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Contract with ties to Microsoft and Google needs changes, GAO says

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A proxy fight between Google and Microsoft in their battle to provide lucrative cloud computing services to the federal government appears to be headed for another round.

The General Services Administration is spearheading a contract program to help federal agencies use Web-based e-mail services. It now must rework the deal to better address terms that would have allowed technology firms to base computing centers in countries including Afghanistan, Yemen and Somalia, but not in more tech-friendly countries, according to a decision published Monday by the Government Accountability Office.

Two small contracting firms, Annapolis-based Technosource Information Systems and Reston-based TrueTandem, filed bid protests with the GAO, arguing that the GSA’s deal would have allowed winning contractors to base their computing centers in the war-torn countries that the GSA considers Trade Agreements Act-designated countries but not in countries with developing tech sectors — such as Brazil, India and South Africa — which are not considered compliant with the act.

The GAO agreed, concluding that the GSA had not provided a meaningful explanation for the limitations and failed to prove “a legitimate government need” for the stipulations.

Technosource and TrueTandem are Microsoft resellers, according to their Web sites and people familiar with the ruling.

Two firms associated with Google, Onix Networking and Unisys, filed as interveners in the case, allowing them to testify on the matter.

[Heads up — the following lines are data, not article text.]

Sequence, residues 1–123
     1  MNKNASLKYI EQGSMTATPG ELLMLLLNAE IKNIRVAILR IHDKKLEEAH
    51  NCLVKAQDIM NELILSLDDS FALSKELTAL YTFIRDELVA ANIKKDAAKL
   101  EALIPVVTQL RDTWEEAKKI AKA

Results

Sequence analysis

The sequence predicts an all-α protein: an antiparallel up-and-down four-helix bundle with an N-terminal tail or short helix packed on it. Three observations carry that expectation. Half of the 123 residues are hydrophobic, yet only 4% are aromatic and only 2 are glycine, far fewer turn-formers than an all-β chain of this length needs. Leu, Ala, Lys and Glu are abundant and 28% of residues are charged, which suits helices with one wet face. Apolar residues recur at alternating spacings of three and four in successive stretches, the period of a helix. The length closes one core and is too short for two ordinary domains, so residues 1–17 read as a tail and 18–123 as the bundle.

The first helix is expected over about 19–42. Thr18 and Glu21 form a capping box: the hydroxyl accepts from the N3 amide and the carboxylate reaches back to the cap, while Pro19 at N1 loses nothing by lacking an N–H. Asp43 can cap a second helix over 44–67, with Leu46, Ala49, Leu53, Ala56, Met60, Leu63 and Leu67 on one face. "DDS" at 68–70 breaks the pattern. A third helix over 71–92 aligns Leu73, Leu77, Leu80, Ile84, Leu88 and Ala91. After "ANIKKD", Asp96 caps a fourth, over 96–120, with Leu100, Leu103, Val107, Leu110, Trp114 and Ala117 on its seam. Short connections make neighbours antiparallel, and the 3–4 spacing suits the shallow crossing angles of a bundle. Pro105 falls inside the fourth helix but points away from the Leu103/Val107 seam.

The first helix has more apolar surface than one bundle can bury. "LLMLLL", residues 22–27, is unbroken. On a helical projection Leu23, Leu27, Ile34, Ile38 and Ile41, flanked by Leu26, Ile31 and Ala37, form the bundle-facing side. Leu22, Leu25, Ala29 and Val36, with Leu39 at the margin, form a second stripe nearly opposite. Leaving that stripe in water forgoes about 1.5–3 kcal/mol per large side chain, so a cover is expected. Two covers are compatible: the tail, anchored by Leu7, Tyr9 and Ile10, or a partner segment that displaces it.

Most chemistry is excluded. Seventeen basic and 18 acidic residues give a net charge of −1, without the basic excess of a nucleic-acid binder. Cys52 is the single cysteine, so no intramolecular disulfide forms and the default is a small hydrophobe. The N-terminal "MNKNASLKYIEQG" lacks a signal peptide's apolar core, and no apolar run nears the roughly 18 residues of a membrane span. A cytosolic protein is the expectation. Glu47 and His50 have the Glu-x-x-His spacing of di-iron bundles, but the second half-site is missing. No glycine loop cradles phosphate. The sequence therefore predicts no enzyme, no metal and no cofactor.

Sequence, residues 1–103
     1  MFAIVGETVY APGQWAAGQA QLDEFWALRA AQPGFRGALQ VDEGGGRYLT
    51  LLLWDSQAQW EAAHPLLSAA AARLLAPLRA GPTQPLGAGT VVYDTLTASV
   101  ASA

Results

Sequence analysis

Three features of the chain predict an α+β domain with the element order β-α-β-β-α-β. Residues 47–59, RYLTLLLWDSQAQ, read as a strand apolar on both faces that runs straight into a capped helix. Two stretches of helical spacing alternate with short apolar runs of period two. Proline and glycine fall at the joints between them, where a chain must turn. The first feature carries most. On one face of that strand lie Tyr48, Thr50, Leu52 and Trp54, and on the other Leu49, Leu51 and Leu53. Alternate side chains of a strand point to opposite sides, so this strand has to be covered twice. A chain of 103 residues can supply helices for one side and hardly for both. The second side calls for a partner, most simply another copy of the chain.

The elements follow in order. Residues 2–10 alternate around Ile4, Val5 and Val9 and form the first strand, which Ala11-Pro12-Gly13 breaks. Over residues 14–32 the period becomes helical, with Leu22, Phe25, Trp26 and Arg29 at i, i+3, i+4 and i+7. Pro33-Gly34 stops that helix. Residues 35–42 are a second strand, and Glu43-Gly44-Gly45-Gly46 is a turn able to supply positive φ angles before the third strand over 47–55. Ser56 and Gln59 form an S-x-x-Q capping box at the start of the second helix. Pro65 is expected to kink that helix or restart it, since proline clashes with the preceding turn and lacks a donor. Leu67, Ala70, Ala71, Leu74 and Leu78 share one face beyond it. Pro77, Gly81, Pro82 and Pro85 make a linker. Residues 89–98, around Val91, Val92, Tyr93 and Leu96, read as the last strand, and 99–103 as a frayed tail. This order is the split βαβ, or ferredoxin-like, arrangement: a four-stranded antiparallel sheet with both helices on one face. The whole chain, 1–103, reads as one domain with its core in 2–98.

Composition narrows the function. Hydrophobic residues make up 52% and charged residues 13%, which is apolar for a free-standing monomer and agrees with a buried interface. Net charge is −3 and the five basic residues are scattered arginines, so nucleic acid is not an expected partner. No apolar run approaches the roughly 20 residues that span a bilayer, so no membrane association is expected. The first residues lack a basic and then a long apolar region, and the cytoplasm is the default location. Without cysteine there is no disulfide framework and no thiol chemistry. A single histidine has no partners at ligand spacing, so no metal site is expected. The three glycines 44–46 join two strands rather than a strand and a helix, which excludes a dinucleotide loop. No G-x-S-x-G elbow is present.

The GSA said Monday that it is reviewing the contract decision before taking action. The agency has 60 days to inform the GAO of what it plans to do with the recommendations. Under federal statute, the GAO reviews bid challenges and issues recommendations that are usually adopted by agencies.

The companies involved in the decision did not respond to requests for comment.

Advocates for “cloud,” or Web-based, computing, say it saves space and money by pooling computer resources.

The value of the GSA contract in dispute is not yet known because it is being set up as a “blanket purchase agreement,”a program open to companies already part of a GSA schedule. Inclusion in the program does not guarantee work for a company but gives it a chance to be selected.

Monday’s decision is the latest development in Microsoft and Google’s heated competition to provide federal agencies with platforms for cloud computing. Both have received notable government contracts; Microsoft won the job of shifting the Agriculture Department’s 120,000 e-mail accounts to the cloud, while Google partnered with Unisys on a high-profile contract to move the GSA’s e-mail accounts to the cloud.

With intense competition often comes protests. Late last year, the GAO reported that 2,299 challenges to bids were filed in fiscal 2010, up from 1,989 the prior year.

But it is hard to win a protest. The GAO upheld a protest only 19 percent of the time in 2010, up slightly from 18 percent in 2009 but down from a recent high of 29 percent in 2006.

In its decision Monday, the GAO also faulted the GSA for being ambiguous with other terms of the deal regarding Internet routing.

But the GAO upheld the GSA’s requirement for a “government community cloud” limited to federal, state and local government entities. Keeping government data separate from other data avoids the risk of security breaches, the GAO said.

Censer is a staff writer with The Washington Post’s Capital Business.

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